ART SEEN: Bruce Conner's work make BOMBHEAD memorable

Crossroads is big but Bombhead is small.

The sentence may sound like an art koan but it’s not. It’s about two things. One is Crossroads, the name of a video that communicates the incredible destructive power of a nuclear explosion and what it means to live in a nuclear age. The second is Bombhead, the name of the exhibition at the Vancouver Art Gallery where Crossroads appears. But as an exhibition, Bombhead never really matches the impact of Crossroads.

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ART REVIEW | Martin Herbert’s pick of March exhibitions, Bellas Artes Projects

Bruce Conner, Bellas Artes Projects, Manila, 24 February – 24 May

Affiliated with California’s neosurrealist assemblage scene from the 1950s onwards but a mystic-minded outrider even there, Bruce Conner was determinedly elusive in life. He announced his own death twice, officially renounced art in 1999 and earlier operated under aliases including Emily Feather, BOMBHEAD and the Dennis Hopper One Man Show. Conner was also, as his recent resurrection within the artworld reflects, something of a visionary.

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The New Yorker | Bruce Conner: REPORT and MARILYN TIMES FIVE

If you missed the recent MOMA survey dedicated to the quicksilver Bay Area artist, who died in 2008, at the age of seventy-four, this show makes a fine introduction. A recently restored version of Conner’s 16-mm. film “Report,” from 1967—on view alongside the ingeniously irritating avant-girlie movie “Marilyn Times Five,” made in 1973—considers how a nation processes trauma, the magnetic appeal of conspiracy theories, and the slippery nature of time. 

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ART AGENDA | Thomas Dane Gallery Inaugural exhibition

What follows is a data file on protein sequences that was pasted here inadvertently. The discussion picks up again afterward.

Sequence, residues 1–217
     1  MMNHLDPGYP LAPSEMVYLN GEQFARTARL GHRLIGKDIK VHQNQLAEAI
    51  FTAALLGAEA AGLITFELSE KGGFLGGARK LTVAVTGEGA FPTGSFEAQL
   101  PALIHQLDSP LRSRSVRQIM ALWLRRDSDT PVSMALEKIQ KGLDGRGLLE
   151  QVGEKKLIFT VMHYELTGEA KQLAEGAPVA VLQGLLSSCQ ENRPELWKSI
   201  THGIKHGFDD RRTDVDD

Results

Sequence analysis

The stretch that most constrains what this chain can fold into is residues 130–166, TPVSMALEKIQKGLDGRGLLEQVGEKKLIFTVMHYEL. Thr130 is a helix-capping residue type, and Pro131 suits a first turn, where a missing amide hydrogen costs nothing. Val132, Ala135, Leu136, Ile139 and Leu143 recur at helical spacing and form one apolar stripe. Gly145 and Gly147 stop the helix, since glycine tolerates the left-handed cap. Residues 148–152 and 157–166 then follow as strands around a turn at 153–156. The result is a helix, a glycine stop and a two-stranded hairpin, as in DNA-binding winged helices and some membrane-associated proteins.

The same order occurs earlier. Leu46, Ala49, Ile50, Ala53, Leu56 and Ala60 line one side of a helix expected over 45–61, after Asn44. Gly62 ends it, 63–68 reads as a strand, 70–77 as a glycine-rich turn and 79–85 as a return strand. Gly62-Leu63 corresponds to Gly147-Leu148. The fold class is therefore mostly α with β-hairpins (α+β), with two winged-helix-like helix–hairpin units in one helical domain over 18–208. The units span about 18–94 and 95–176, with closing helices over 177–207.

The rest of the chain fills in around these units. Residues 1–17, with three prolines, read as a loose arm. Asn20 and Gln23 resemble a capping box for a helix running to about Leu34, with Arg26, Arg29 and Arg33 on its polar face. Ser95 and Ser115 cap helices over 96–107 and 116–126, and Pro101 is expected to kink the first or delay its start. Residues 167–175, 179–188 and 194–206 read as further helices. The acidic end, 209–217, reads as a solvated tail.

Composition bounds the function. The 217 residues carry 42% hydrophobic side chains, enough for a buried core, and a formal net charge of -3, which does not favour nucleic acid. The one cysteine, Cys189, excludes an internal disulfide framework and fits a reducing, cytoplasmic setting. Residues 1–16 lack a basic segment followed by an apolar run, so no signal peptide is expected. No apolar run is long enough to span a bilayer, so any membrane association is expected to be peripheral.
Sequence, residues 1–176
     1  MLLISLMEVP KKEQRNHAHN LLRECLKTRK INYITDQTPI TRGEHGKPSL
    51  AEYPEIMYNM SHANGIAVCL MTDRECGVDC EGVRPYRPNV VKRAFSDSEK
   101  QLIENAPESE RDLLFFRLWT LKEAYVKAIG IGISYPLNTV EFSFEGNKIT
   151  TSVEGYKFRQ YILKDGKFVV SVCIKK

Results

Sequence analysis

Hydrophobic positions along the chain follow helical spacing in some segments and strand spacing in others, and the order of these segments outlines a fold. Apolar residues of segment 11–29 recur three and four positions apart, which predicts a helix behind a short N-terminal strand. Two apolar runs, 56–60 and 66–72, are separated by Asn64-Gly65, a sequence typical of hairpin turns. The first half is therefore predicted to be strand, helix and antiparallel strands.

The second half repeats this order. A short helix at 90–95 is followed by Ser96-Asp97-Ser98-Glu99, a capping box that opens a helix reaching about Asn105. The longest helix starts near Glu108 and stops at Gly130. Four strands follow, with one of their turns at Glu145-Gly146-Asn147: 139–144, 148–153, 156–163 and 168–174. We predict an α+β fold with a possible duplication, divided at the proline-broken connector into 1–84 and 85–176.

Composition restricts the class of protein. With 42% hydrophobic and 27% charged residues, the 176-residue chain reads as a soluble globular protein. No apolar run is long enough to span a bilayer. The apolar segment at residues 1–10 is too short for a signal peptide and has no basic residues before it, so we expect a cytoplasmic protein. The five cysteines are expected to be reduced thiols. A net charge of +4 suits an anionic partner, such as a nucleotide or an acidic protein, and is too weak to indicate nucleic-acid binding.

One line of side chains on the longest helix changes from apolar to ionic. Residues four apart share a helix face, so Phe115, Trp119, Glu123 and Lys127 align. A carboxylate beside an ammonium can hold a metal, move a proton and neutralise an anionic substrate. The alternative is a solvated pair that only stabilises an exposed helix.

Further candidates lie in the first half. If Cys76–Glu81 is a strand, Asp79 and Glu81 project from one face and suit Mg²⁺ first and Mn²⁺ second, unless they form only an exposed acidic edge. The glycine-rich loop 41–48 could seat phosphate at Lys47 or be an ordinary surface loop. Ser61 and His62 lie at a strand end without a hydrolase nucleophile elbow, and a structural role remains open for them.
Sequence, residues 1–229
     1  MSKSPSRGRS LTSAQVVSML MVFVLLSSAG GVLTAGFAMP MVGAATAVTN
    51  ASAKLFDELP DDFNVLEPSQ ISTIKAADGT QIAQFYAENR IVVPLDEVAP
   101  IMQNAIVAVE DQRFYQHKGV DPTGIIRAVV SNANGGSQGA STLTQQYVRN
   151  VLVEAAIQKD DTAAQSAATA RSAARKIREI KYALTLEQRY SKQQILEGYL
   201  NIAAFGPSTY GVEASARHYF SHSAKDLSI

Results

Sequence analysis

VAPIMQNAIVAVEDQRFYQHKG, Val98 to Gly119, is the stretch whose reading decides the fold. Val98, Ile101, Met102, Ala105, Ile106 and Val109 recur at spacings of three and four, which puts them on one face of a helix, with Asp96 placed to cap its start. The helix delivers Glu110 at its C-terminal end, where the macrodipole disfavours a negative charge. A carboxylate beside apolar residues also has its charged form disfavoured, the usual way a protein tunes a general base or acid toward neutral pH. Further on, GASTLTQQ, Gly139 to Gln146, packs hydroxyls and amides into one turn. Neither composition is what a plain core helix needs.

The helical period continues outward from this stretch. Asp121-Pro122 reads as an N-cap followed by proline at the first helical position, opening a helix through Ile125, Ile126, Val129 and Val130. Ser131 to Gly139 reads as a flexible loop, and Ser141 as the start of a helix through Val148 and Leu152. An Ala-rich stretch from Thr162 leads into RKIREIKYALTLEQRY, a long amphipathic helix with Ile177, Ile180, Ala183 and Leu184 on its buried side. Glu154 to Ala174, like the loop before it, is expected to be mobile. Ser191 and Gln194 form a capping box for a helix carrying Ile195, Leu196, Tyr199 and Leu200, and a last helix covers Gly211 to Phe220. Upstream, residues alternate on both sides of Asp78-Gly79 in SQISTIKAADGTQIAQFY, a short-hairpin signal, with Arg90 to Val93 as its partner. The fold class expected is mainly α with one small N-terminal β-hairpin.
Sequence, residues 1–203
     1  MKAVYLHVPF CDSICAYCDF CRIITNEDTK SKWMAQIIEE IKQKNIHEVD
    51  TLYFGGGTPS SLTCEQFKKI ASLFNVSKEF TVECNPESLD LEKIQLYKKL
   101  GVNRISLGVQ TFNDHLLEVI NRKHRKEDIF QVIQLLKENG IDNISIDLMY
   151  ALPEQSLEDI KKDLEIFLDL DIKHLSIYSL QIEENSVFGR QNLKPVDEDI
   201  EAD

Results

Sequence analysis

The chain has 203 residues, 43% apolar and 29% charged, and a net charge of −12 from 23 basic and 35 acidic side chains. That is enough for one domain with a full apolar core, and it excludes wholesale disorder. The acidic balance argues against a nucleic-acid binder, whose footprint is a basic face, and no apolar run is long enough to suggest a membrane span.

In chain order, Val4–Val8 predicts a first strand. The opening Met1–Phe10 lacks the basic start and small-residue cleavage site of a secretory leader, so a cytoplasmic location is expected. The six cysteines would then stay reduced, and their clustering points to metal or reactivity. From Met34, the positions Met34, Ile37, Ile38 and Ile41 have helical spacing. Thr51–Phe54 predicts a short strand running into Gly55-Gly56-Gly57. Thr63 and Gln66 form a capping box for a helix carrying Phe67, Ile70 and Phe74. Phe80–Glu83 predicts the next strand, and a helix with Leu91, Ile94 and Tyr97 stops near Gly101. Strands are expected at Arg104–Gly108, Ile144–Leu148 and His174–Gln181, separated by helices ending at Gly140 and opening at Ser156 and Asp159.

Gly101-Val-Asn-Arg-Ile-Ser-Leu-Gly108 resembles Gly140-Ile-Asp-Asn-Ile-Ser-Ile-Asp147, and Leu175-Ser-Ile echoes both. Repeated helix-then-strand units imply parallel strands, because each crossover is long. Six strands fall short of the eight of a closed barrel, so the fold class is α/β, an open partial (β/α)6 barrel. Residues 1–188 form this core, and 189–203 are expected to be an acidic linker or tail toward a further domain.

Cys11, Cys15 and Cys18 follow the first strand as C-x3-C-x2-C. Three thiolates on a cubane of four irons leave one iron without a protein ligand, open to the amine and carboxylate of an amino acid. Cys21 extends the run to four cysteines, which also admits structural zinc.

“It is a Paradise: everyone lives in a state of intoxicated self-forgetfulness, myself included… They say that someone who has once seen a ghost will never be happy again; vice-versa, [one] could never really be unhappy because [one's] thoughts could always return to Naples.”
Johann Wolfgang von Goethe

Part residency, part project space, part exhibition space, the restored first floor of the 19th century Casa Ruffo, in the Chiaia district of Naples, will be, above all, a place for artists: a unique physical and mental space for them to alight, work and show.

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The Speed Art Museum presents BRUCE CONNER: FOREVER AND EVER, an exhibition of films and prints by Bruce Conner (1933–2008), an artist known for his innovations in film, assemblage, drawing, painting, photography, printmaking, and collage. Co-curated by Miranda Lash, Curator of Contemporary Art, and Dean Otto, Curator of Film, BRUCE CONNER: FOREVER AND EVER is the Speed’s first exhibition collaboration between its Contemporary Art and Film departments.

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Insider Louisville | The Speed Art Museum welcomes exhibition BRUCE CONNER: FOREVER AND EVER

As 2017 winds down to a close, the Speed Art Museum will send the year out in style with its newest exhibition, BRUCE CONNER: FOREVER AND EVER. The exhibition — co-curated by the Speed’s curators of contemporary art and film, Miranda Lash and Dean Otto, respectively — covers the works of Bruce Conner, the late artist from McPherson, Kansas, who worked in photography, sculpture, printmaking, as well as film, and was known as the “father of the music video.” It marks the first collaboration between the Museum’s contemporary art and film departments.